Born around 905, Agapetus was one of the longest reigning popes, ruling nine and one-half years. Son of a Roman father and a Greek mother, he lived his life mostly in Rome. By the time he was forty, he had become cardinal deacon. At some point, he attracted the attention of the current Roman dictator, Alberic II, who completely controlled the independent city-state of Rome.
When Pope Marinus II died, Agapetus was nominated for the now-empty seat of Peter by Alberic. On May 10, 946, Agapetus was elected pope. This election put Agapetus in a peculiar position. As pope, Agapetus should have been controlling the religious and political aspects of the Papal States. Alberic ruled so tightly, that all Agapetus was able to do was attempt to wrest a modicum of ecclesiastical discipline from the churches and cloisters which had become decadent.
Agapetus was a wise and pious administrator and this is where he shined. The major players in this scenario were King Otto of Germany, King Louis IV of France, Berengar II and Hugh of Arles, who both claimed to be king of Italy. Italy was constantly in chaos due to the two Italian claimants and their constantly shifting allies. Hugh died in 947, leaving Berengar to fight.
Monasteries in Italy and Germany had been deprived of their lands and buildings as dukes and counts laughed at the rights of the Church. Agapetus pushed to reestablish the monasteries’ holdings, especially in Beneventum and Capua, Italy. In Germany, the pope granted sweeping control of the Church to Otto of Germany in exchange for sending priests and bishops, consecrated by the king rather than the pope, to Denmark. In that pagan country, and, soon, other Scandinavian countries, the Good News was spread for the first time. King Otto and Pope Agapetus became good friends over this.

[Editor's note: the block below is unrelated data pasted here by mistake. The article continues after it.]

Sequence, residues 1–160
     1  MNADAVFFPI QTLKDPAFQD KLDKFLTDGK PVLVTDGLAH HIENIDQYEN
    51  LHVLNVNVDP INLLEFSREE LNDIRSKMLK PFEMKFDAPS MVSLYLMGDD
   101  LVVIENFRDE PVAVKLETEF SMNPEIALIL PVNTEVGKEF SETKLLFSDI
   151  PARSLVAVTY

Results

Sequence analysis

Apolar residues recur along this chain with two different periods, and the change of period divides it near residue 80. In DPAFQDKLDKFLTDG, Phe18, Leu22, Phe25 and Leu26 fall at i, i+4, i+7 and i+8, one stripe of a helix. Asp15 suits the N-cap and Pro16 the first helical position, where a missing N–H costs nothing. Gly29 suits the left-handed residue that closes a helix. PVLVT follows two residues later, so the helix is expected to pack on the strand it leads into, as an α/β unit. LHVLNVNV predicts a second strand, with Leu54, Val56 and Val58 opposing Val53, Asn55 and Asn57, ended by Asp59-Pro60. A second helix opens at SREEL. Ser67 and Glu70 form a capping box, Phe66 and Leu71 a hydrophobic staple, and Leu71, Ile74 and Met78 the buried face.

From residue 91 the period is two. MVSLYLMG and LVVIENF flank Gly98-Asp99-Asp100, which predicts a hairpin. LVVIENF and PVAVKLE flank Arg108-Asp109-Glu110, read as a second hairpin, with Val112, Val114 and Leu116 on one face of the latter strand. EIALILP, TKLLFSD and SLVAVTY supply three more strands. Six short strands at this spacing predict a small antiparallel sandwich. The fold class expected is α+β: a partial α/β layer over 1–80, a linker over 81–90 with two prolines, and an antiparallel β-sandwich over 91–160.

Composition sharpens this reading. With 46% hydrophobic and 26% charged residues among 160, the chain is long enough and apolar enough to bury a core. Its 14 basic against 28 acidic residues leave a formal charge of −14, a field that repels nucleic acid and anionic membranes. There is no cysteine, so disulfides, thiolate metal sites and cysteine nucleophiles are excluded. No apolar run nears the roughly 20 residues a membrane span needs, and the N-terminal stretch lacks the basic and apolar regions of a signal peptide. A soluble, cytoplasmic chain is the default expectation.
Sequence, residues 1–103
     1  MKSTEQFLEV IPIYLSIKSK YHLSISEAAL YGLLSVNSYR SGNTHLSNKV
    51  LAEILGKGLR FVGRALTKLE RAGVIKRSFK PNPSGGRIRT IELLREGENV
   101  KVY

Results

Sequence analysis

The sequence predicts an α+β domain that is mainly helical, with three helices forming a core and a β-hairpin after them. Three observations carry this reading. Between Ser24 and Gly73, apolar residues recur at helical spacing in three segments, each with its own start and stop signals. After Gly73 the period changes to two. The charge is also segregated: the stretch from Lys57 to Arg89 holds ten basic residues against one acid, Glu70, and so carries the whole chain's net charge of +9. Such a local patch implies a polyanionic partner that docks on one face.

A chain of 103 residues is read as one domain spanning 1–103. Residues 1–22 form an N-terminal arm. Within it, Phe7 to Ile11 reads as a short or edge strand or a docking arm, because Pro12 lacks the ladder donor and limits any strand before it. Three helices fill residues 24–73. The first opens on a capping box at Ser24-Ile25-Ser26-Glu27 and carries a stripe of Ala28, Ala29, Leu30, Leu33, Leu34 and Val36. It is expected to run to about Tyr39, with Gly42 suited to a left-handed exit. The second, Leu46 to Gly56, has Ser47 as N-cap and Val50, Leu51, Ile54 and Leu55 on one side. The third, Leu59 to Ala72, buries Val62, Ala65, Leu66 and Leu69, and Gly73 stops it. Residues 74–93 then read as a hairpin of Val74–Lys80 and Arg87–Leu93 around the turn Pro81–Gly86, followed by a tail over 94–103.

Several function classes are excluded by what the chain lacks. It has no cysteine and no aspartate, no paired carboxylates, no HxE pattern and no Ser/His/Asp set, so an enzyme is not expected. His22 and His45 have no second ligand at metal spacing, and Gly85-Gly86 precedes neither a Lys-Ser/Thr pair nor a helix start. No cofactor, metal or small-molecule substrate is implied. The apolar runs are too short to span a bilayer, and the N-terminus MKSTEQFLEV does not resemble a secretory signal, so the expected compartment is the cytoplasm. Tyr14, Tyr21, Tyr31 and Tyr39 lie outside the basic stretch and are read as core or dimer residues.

Rival claimants of the bishopric of Reims fought in two synods before who was the real bishop was sorted out.
By 951, the chaos in Italy had become of such concern to the rule of Rome, Alberic, that he asked Agapetus to use his power of persuasion to get Otto to cross the Alps and help out the Italians. Otto did arrive, but late, having to squelch a rebellion begun by his own son. Yet, when Otto’s personal negotiators arrived ahead of him, Alberic would not receive them. In an unstable agreement, Berengar became Otto’s vassal in 952. But it did not last long.
Within a few years, Berengar’s troops attacked the Papal States, and Rome, itself, right around the time that Alberic was dying. Fearful of his legacy, Alberic forced the pope and the nobles of Rome to guarantee their support of Octavian, Alberic’s son, as the next pope. The problem was that Octavian was not much of a Christian and was only 18.
Agapetus died soon after Alberic, in the late fall of 955. He died at the relatively young age of 50. Pope Agapetus was buried in the Lateran basilica near the tombs of Popes Leo V and Paschall II. And Octavian came to sit on the Chair of Peter.